Computer screens


Our archaeology labs include a new microscope laboratory and a palaeodiet laboratory for the analysis of skeletal remains of humans and animals.

Professor Elizabeth Slater Archaeological Research Laboratories

State-of-the art facilities include:

Atomic Spectroscopy

We have recently installed a new Agilent 4200 (MP-AES*).  This is new sustainable technology that runs on nitrogen extracted from the air and provides high quality major, minor and trace element analysis for:

  • Compositional elemental analysis of a wide range of materials (including ceramics, metal and glass)
  • Enabling the characterisation of ancient material.

With sensitivity at a level of parts per billion, the Agilent 4200 is economical to operate and runs on compressed air to offer inexpensive materials analysis without the use of flammable gas supplies.

*microwave plasma atomic emission spectrometer

Scanning Electron Microscopy (SEM)

Nikki talks about her lab research into the analysis of Roman silver coins.

We are the only University in the North of England that has a JEOL IT300 SEM.  This is a new generation variable vacuum instrument with:

  • Improved high resolution electron optics
  • New thermo energy dispersive spectrometry system with a wide range of elemental mapping and line scanning options
  • A large motorised sample chamber for investigation of whole artefacts.

All analysis requires a good library of standard reference materials (SRM) and we pride ourselves in maintaining an excellent selection of archaeologically relevant SRMs to underpin our work.

Optical Microscopy

Our new microscope laboratory is equipped with optical microscopes to carry out research on all classes of archaeological material, including:

  • Charcoal analysis
  • Petrology
  • Metallography
  • Environmental samples.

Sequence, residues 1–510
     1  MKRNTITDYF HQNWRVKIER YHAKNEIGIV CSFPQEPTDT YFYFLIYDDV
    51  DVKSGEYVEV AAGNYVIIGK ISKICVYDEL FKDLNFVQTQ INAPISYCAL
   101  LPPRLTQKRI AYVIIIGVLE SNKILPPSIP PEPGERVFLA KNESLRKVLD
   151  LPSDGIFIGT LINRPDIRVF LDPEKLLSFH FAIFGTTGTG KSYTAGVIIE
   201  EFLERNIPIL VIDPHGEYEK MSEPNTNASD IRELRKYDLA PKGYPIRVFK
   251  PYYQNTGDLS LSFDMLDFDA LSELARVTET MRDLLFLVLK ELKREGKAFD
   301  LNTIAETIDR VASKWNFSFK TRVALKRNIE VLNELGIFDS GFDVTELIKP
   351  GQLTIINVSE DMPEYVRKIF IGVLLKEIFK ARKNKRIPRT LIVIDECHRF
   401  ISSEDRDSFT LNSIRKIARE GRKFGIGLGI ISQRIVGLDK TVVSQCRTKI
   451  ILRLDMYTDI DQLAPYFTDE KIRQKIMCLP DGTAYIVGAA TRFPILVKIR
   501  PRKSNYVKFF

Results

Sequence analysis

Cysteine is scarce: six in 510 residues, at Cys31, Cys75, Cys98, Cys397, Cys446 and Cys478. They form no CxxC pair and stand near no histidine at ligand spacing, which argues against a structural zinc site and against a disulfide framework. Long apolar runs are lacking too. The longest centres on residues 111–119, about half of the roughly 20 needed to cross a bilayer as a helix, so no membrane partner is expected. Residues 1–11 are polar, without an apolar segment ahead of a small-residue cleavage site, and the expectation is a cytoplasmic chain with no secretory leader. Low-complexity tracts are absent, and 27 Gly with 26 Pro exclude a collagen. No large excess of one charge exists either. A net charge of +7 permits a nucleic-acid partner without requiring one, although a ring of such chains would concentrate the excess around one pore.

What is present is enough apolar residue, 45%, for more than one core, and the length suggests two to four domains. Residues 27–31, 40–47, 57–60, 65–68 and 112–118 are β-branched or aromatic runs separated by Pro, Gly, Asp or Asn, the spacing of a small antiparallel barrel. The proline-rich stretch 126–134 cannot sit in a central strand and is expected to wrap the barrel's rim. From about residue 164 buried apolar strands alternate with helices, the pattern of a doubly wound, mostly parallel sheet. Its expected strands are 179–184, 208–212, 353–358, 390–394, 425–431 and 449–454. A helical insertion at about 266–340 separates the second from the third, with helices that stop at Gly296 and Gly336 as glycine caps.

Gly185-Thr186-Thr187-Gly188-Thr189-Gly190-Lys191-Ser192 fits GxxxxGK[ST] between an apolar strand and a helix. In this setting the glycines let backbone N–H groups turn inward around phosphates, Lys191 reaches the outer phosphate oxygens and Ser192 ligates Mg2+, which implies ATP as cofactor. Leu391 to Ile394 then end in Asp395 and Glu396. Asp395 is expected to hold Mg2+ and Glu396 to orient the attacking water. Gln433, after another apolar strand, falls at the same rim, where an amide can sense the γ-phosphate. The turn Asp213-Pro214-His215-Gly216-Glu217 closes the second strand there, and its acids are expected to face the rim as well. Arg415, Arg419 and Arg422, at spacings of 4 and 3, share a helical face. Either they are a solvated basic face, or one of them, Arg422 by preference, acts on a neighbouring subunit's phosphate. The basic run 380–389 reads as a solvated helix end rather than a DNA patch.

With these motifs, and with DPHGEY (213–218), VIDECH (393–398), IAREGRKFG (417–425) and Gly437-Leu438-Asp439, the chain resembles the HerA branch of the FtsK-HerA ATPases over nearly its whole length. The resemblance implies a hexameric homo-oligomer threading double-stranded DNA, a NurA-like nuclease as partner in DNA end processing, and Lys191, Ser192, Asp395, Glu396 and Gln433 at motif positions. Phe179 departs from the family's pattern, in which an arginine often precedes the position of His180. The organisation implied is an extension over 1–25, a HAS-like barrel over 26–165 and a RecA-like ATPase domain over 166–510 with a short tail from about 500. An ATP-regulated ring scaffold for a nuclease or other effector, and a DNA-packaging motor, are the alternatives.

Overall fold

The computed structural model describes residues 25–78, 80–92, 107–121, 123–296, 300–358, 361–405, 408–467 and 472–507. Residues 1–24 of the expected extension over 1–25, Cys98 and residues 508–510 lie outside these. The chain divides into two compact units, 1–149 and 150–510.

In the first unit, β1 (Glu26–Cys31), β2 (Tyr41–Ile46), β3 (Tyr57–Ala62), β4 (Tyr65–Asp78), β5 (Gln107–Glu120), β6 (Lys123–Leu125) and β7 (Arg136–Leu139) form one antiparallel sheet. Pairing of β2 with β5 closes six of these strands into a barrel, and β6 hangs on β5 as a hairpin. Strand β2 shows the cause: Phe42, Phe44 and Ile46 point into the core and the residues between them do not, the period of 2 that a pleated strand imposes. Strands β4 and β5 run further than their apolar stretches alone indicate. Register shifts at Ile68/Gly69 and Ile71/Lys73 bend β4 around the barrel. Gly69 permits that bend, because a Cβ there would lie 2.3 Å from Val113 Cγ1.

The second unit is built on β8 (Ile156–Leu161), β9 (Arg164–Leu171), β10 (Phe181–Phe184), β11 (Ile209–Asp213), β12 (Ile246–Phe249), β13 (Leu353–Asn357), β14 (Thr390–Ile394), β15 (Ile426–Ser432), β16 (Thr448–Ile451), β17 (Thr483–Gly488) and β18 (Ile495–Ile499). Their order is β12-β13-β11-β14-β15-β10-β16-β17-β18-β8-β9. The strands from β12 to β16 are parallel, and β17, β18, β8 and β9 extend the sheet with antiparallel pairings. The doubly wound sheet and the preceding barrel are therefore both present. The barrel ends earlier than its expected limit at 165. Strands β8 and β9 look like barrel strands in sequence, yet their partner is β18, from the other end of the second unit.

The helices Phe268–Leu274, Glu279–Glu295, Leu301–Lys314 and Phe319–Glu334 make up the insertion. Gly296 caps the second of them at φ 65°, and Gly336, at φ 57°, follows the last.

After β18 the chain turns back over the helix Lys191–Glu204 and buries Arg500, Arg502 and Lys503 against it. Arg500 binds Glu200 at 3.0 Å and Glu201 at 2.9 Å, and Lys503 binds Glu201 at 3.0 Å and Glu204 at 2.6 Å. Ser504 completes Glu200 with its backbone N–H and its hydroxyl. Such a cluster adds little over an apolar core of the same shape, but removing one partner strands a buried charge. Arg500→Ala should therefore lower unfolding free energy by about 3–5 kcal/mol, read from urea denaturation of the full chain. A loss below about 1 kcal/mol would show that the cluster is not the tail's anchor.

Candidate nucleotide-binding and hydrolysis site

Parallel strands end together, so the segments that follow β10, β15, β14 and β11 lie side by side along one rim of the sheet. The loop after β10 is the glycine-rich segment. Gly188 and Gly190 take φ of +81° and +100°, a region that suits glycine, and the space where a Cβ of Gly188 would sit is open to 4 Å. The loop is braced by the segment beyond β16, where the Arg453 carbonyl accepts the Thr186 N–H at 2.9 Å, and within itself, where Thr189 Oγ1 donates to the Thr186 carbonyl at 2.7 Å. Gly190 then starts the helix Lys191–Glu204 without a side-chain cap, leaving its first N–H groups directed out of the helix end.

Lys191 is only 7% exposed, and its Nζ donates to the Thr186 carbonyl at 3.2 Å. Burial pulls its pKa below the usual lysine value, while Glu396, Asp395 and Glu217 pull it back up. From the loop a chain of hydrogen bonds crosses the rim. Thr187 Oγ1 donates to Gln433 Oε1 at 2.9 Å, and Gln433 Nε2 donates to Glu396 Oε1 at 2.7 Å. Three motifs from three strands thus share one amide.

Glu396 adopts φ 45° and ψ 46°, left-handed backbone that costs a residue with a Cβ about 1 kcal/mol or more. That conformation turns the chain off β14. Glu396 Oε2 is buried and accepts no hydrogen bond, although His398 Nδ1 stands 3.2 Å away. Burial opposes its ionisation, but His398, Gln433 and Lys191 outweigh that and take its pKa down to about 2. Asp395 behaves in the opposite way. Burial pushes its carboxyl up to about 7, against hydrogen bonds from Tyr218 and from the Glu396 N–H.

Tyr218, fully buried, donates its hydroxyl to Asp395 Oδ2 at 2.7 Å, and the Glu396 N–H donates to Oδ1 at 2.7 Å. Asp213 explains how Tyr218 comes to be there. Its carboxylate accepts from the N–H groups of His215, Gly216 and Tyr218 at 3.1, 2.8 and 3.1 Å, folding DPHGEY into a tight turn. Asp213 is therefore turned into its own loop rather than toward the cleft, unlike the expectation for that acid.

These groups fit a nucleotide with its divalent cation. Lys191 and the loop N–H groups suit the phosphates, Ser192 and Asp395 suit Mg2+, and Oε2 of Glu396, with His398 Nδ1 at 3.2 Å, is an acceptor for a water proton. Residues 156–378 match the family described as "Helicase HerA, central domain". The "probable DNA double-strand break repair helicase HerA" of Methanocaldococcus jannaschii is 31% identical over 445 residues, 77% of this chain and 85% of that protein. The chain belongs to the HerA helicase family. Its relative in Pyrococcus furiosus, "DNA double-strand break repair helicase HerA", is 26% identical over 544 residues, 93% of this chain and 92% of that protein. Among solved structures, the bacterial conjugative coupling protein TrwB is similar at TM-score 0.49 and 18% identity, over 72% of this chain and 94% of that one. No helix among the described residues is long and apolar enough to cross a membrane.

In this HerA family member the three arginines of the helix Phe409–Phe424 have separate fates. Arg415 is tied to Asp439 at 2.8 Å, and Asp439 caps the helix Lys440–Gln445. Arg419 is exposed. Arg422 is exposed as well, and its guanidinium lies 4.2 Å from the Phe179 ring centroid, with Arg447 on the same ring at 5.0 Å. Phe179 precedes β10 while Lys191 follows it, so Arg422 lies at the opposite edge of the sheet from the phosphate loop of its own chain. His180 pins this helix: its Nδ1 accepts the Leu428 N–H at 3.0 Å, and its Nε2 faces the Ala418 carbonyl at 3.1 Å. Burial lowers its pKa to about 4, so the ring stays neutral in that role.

Palaeodiet Laboratory

  • Extensive research into ancient diets using light element analysis for dietary reconstruction
  • Analysis of skeletal remains of humans and animals
  • Examination of data on food groups consumed by past populations
  • Analysis of the impact of diet on health and demography to improve our understanding of human biological evolution and social development.

Lithics Laboratory

For in-depth examination and analysis of stone tools and artefacts.

Ancient Technologies Workshop

  • Analysis and reproduction of ancient working methods and materials, eg. tools and weaponry
  • Flintknapping
  • Weaving.

Geographic Information Systems (GIS) and Visualisation Suite

Two GIS and digitisation suites support our landscape and excavation research enabling:

  • Computational modelling
  • Development of historical geographies of everyday life at a range of scales
  • Examination of the relationships between ancient peoples and objects.

Preparation Laboratory

We have a designated sample preparation laboratory dedicated to independent study and research across all areas of archaeology.  The laboratory is equipped with a fume cupboard as well as localised dust and fume extraction, a high temperature furnace and cutting, grinding and polishing equipment.

Central Teaching Laboratory

Staff and students also benefit from the University’s award-winning .

Collaboration and commercial work

We undertake commercial and collaborative work. Recent clients include the Museum of London and regional archaeology units.

In recent years we have undertaken the analysis of Egyptian gold, Bronze Age glass beads and Roman bronze brooches and Iron Age and Medieval iron smelting slag.

For enquiries about working with us, please contact .

Back to: Department of Archaeology, Classics and Egyptology